.... The study offers a few possible explanations for the difference, including the hypothesis that “self-identified lesbian women are more comfortable and familiar with the female body and thus, on average, are better able to induce orgasm in their female partners.” .... '
---- see more of this revealing report by Jenny Kuttner at salon.com at :-
Saturday, August 16, 2014
---- a trailer for a contemporary erotic gay movie
'Directed by Julian Hernandez, one of Mexico's most famous directors (Broken Sky, Raging Sun Raging Sky), I AM HAPPINESS ON EARTH is a tale of a man struggling with the line between his sexually charged reality and this equally arousing cinematic creations. His boldly poetic romance compares with such films as Fellini's 8 1/2, exploring the connections between sex, love and creativity.
---- On DVD & on demand from 11th August. Order now from Amazon: http://amzn.to/1k5pUKg
---- & or check at YouTube at :- http://www.youtube.com/watch?v=hhf3NA-VqoI
... now COOL GAY STUFF shifts to mixed miscellany in both columns ...
TRAILERS OF RECENT GAY-THEMED MOVIES OF INTEREST ....
Don't Ask, Don't Tell is recalled ...
WEST HOLLYWOOD MOTEL (US 2013) - NSFW
Various lives intersect in and around a West Hollywood motel in this kaleidoscopic comedy about sex, love, and the meaning of life.
The characters include a medical student (Matt Riddlehoover), his extrovert boyfriend (Andrew Callahan), an adulterous actress (Starina Johnson), her lover (Heather Horton), and a dutiful husband (Phil Leirness) whose wife (Amy Kelly) wakes to find she has a penis.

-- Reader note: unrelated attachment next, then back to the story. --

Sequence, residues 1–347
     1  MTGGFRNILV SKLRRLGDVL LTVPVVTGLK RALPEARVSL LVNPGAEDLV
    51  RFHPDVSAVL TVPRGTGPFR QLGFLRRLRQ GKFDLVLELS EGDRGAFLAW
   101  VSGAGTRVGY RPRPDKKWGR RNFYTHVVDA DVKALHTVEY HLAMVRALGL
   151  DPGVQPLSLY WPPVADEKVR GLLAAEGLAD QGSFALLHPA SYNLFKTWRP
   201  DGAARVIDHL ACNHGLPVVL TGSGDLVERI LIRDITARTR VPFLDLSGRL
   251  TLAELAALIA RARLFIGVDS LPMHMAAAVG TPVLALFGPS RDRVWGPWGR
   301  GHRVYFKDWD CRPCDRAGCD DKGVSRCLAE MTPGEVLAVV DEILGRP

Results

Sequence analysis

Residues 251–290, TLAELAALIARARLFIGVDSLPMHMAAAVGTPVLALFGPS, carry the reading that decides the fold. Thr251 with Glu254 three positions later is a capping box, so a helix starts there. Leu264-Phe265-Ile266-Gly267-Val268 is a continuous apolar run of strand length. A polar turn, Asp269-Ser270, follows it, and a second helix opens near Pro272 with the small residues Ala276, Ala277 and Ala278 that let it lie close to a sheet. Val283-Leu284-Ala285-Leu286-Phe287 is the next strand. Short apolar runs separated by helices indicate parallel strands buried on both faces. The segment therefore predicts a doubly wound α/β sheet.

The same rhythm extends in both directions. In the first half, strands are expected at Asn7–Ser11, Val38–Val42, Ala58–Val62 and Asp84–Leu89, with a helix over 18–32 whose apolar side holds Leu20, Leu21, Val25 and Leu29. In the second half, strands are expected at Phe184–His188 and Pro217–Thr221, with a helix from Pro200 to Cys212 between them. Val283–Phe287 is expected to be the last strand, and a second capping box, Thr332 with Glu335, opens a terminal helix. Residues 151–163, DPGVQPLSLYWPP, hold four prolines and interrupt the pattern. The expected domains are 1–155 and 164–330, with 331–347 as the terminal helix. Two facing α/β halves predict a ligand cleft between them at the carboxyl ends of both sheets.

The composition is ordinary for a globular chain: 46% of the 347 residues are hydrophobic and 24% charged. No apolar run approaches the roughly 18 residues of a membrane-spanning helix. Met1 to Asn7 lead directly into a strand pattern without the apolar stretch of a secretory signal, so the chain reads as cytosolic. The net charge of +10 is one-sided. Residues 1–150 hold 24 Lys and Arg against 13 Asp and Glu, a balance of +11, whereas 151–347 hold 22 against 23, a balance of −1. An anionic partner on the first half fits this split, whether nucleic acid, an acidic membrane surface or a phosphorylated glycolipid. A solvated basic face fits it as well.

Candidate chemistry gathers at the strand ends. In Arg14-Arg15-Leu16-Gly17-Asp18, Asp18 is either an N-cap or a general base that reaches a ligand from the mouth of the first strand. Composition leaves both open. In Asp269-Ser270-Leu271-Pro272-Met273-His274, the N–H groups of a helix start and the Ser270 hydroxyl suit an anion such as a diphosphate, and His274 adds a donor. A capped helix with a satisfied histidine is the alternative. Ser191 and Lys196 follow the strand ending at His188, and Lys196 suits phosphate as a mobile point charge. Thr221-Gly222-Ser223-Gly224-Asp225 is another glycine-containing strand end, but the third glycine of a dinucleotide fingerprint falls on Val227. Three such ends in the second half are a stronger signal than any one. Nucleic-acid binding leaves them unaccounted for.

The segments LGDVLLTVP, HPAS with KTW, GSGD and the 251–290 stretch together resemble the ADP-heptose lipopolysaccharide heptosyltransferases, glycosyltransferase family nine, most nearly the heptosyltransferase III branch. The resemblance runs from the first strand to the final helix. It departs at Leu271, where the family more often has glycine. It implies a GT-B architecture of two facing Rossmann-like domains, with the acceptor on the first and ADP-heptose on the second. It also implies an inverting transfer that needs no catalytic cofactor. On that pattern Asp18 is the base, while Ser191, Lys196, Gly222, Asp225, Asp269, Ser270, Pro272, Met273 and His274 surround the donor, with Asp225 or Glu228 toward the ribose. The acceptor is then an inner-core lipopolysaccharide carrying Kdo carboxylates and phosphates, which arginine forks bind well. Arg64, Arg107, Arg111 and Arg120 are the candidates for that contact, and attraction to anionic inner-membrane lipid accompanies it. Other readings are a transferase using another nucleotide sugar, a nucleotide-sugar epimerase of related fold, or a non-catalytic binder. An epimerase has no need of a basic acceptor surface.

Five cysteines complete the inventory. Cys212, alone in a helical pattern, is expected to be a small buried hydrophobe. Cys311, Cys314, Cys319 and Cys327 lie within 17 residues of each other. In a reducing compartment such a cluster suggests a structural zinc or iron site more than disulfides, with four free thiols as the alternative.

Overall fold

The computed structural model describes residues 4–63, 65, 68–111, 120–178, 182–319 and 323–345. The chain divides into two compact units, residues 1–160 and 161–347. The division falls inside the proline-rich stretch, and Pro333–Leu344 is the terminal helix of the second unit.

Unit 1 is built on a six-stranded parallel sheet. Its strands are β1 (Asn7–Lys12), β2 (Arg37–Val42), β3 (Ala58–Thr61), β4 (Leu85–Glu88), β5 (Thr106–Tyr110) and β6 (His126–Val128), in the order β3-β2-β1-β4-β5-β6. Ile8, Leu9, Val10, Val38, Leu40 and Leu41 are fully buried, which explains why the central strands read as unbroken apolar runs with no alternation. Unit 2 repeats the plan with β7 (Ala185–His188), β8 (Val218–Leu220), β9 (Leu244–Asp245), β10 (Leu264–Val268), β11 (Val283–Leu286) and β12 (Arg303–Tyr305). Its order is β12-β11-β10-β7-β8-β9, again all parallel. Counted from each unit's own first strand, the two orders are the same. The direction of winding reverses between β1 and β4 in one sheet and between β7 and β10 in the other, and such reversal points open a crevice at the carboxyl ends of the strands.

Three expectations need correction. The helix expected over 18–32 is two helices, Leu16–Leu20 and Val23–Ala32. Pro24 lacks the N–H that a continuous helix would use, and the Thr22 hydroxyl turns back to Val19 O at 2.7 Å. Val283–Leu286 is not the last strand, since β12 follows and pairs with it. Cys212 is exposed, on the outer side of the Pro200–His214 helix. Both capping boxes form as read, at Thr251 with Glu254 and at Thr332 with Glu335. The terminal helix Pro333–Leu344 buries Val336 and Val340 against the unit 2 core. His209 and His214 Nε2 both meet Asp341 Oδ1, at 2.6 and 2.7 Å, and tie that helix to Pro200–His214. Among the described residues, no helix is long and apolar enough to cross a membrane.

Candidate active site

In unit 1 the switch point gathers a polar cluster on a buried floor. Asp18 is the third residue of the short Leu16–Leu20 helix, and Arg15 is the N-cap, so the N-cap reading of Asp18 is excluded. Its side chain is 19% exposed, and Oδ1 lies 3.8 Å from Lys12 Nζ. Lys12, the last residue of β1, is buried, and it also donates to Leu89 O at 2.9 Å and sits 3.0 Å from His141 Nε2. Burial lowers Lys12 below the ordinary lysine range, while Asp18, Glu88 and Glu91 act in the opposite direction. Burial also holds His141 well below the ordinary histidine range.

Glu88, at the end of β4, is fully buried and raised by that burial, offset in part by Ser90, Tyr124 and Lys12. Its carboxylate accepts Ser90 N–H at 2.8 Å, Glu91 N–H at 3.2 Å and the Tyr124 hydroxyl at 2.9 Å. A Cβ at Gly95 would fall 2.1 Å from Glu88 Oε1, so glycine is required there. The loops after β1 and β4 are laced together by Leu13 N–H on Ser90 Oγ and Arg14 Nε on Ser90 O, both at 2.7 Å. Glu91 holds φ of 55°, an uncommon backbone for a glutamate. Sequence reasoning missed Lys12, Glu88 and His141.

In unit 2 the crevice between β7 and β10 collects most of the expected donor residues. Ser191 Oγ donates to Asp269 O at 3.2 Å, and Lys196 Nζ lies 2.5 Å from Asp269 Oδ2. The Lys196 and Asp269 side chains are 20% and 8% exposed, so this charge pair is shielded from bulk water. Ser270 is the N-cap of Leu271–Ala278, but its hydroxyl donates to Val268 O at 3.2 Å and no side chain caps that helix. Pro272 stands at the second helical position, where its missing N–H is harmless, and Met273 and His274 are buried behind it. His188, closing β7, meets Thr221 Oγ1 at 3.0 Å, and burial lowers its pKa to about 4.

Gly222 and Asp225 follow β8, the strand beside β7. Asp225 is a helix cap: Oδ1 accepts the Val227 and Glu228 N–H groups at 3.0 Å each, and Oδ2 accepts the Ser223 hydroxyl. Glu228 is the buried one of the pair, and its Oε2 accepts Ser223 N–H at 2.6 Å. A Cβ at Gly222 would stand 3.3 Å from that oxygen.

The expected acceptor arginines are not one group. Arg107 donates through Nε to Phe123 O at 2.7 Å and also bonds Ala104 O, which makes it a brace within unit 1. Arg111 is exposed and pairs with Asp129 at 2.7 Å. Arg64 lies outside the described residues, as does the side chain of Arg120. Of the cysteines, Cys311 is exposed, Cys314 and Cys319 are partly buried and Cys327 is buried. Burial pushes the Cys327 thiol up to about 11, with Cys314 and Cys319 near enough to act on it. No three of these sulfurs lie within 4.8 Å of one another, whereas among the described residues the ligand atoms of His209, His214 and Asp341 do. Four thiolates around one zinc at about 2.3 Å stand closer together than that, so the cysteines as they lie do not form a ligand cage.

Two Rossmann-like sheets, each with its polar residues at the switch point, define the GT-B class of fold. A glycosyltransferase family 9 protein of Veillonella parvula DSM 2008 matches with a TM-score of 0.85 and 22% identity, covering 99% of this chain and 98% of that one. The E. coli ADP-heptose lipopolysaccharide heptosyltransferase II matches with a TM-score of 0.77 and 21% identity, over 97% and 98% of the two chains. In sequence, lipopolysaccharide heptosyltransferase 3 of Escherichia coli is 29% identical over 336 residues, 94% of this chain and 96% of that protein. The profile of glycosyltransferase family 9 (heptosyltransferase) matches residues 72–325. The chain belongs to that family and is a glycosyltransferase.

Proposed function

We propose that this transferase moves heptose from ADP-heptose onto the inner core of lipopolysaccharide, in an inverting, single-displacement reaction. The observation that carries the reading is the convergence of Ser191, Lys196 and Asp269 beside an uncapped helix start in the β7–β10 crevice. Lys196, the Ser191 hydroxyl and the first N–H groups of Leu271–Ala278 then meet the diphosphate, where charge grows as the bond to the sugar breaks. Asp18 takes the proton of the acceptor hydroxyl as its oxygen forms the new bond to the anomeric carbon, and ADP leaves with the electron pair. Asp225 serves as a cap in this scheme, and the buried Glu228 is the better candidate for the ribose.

Available November 12 on DVD/VOD from TLAgay:http://www.tlavideo.com/gay-west-hollywood-motel/p-356790-2
HISTORICAL NOVEL SOCIETY review of "THE HADRIAN ENIGMA" ...
A fair-haired young man, dressed in rich ceremonial armor, is found dead in the Nile River. When he is identified, everyone realizes the dangerous political implications of this death, because Antinous was the eromenos—the lover and protégé—of the Roman Emperor Hadrian.
A grief-stricken Hadrian appoints two members of the court, Suetonius and his patron Clarus, to find out how and why Antinous died. They have two days to find the answer, permission to interrogate anyone except the Emperor and Empress, and the promise that they may forfeit their lives if they fail to satisfy Hadrian.
Failure is a distinct possibility. While Antinous was well-liked and respected, the circle of suspects is wide, as it often will be when the victim is the confidant of an absolute ruler. The two sleuths quickly draft unlikely but able assistants to help them, including a scribe and an observant, multilingual prostitute.
The book offers an extensively researched picture of life in the Roman Empire of 130 AD. Gardiner is equally convincing when writing about imperial politics and succession laws, marriage and sexual customs, philosophy and the theater.
But The Hadrian Enigma—a mix of mystery, comedy, gay and straight romance—is an entertaining read.
THE HADRIAN ENIGMA - an unedited review by historical novelist NAN HAWTHORNE ...
THE HADRIAN ENIGMA | A review by historical fiction author J.R. Tomlin ...
" .... In 130 AD, while accompanying the Emperor Hadrian on a tour up the Nile, the beautiful youth Antinous plunges into the Nile and drowns. Hadrian, near maddened with grief, declares Antinous a god. However, Suetonius just happens to be along on this imperial tour. Already the author of juicy books on contemporary Roman life, he is perfectly placed to investigate this mysterious death, so Emperor Hadrian commands him to investigate and find the murderer within 48 hours or suffer the consequences.
In the imperial compound on the Nile, Suetonius searches for clues. Here, semi-isolated, the bubbling cauldron of the Roman court has been transplanted to a fabulous tent city. Yet, the mystery of Egypt is an ever present backdrop to this baffling death. .... Why was Antinous clad in heavy ceremonial parade armor and weapons when he died? How did he come by a slit on his left wrist and strange marks on his throat? And how can Suetonius unravel all this when the Emperor refuses to let Suetonius even touch the body to examine it? The characterization is vivid and the historicity meticulous in this novel. I enjoyed savoring the characters and setting as Suetonius unraveled the imperial goings on. .... "